Administrative Procedure Act Analysis
The Court determined that the Department's issuance of the revised regulation was not arbitrary and capricious. In reaching this determination, the court noted that the “Department marshaled and carefully considered voluminous evidence of the increasing availability of a variety of products designed to defeat drug tests.” BNSF Railway Company v. Department of Transportation, 566 F.3d at 203. Since any successful use of cheating devices would not show up in statistics, the Court agreed with the Department's reasoning that it was “illogical” to require statistical evidence of cheating. Id. In this regard, the Court cited a recent Supreme Court decision, which said that “It is one thing to set aside agency action under the Administrative Procedure Act because of failure to adduce empirical data that can readily be obtained. It is something else to insist upon obtaining the unobtainable.'' FCC v. Fox Television Stations, Inc., No. 07-582, 2009 WL 1118715, at *11 (U.S. Apr. 28, 2009) (citation omitted) Id. at 203-204.
The Court stated “the Department's approach was sound. Acknowledging the intrusiveness of direct observation testing, the Department sought to limit it to situations posing a high risk of cheating * * * and then concluded—reasonably in our view—that returning employees have a heightened incentive to cheat, and that this incentive, coupled with the increased availability of cheating devices, creates such a high risk, * * *.”
Id. at 204. In reaching its determination that “[s]ubstantial additional evidence supports the Department's conclusion that returning employees are particularly likely to cheat.” Id., the court relied heavily upon the expertise of the Substance Abuse Professionals (SAPs) who commented upon 49 CFR 40.67(b). “Given the experience possessed by these substance abuse professionals, such assessments provide substantial evidence supporting the Department's conclusion that returning employees are particularly likely to cheat on drug tests.” Id.
In addition to the SAP comments and other evidence it referenced, the Court noted with interest that return-to-duty employees pose a high risk to transportation safety. Specifically, the Court noted with interest that “the Department supplemented its conclusion about returning employees' motivations with evidence of their actual behavior. To rebut the argument—offered by several commenters and echoed here by petitioners—that returning employees are lower risk because they have successfully completed drug treatment programs, the Department emphasized data showing that ‘the violation rate for return-to-duty and follow-up testing is two to four times higher than that of random testing.’ ” Id. at 205. The Court stated “[w]e can hardly fault the Department for inferring that the reason for higher failure rates is not that returning employees are more honest, but that they are more likely to use drugs. And given that employees who never use drugs are—to say the least—much less likely to cheat on drug tests than those who do, we think it quite reasonable for the Department to see a higher underlying rate of drug use as evidence of a higher risk of cheating.” Id.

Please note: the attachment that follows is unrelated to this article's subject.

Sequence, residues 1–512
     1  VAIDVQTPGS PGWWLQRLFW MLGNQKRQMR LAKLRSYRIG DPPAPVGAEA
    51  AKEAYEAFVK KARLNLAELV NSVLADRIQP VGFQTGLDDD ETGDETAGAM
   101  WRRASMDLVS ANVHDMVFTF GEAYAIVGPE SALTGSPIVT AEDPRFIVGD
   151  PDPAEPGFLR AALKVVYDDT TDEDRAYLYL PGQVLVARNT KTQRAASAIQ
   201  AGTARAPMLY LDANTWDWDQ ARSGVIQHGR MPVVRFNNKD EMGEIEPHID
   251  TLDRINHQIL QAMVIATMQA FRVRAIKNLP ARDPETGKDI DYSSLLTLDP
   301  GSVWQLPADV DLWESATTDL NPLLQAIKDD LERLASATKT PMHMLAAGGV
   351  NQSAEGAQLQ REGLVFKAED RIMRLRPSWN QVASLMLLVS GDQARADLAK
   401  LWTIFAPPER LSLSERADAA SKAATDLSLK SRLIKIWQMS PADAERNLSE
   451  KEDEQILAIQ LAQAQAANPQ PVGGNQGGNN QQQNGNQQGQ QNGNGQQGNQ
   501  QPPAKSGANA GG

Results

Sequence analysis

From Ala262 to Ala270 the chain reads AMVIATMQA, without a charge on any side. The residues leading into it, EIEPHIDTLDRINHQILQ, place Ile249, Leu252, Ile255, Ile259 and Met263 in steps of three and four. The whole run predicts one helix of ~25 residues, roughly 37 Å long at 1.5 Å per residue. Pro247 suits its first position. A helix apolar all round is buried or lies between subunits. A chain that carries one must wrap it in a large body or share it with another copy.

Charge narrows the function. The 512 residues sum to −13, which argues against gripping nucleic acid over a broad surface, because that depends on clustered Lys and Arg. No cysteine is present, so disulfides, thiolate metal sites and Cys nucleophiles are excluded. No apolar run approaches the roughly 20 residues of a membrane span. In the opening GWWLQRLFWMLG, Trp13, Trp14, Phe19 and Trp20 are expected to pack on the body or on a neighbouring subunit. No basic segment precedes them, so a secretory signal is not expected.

The Court considered and rejected alternatives proposed by the petitioners, including maintaining the status quo of continuing to allow employers the option of conducting direct observation collections on return-to-duty employees. The Court supported the Department's determination that employers, concerned about the effects on “labor management agreements” and fearing “upsetting employees,” rarely exercise this option. The Court referred to a statement in the amicus brief from the Association of American Railroads that direct observation tests “generate resentment and ill will towards management,” as further supporting the Department's conclusion that the status quo was untenable. Id.
The Court concluded “the Department acted neither arbitrarily nor capriciously in concluding that the growth of an industry devoted to circumventing drug tests, coupled with returning employees' higher rate of drug use and heightened motivation to cheat, presented an elevated risk of cheating on return-to-duty and follow-up tests that justified the mandatory use of direct observation.” Id.
Fourth Amendment Analysis
The Court carefully considered whether the Department's final rule struck the appropriate Fourth Amendment balancing of the needs of transportation safety with the reasonableness of the search. The Court stated that the Department's “interest in transportation safety is ‘compelling’ to say the least.” Citing Skinner, 489 U.S. at 628, 109 S.Ct. 1402. BNSF at 206. Further, the Court recognized that “[g]iven the proliferation of cheating devices, we have little difficulty concluding that direct observation furthers the government's interest in effective drug testing.” Id. Since employees returning-to-duty can anticipate that they will be subject to more frequent testing, “[a]rmed with such foreknowledge, returning employees can easily obtain and conceal cheating devices, keeping them handy even for unannounced follow-up tests.” Id. The Court concluded that the Department “has a strong interest in conducting direct observation testing to ensure transportation safety.” Id.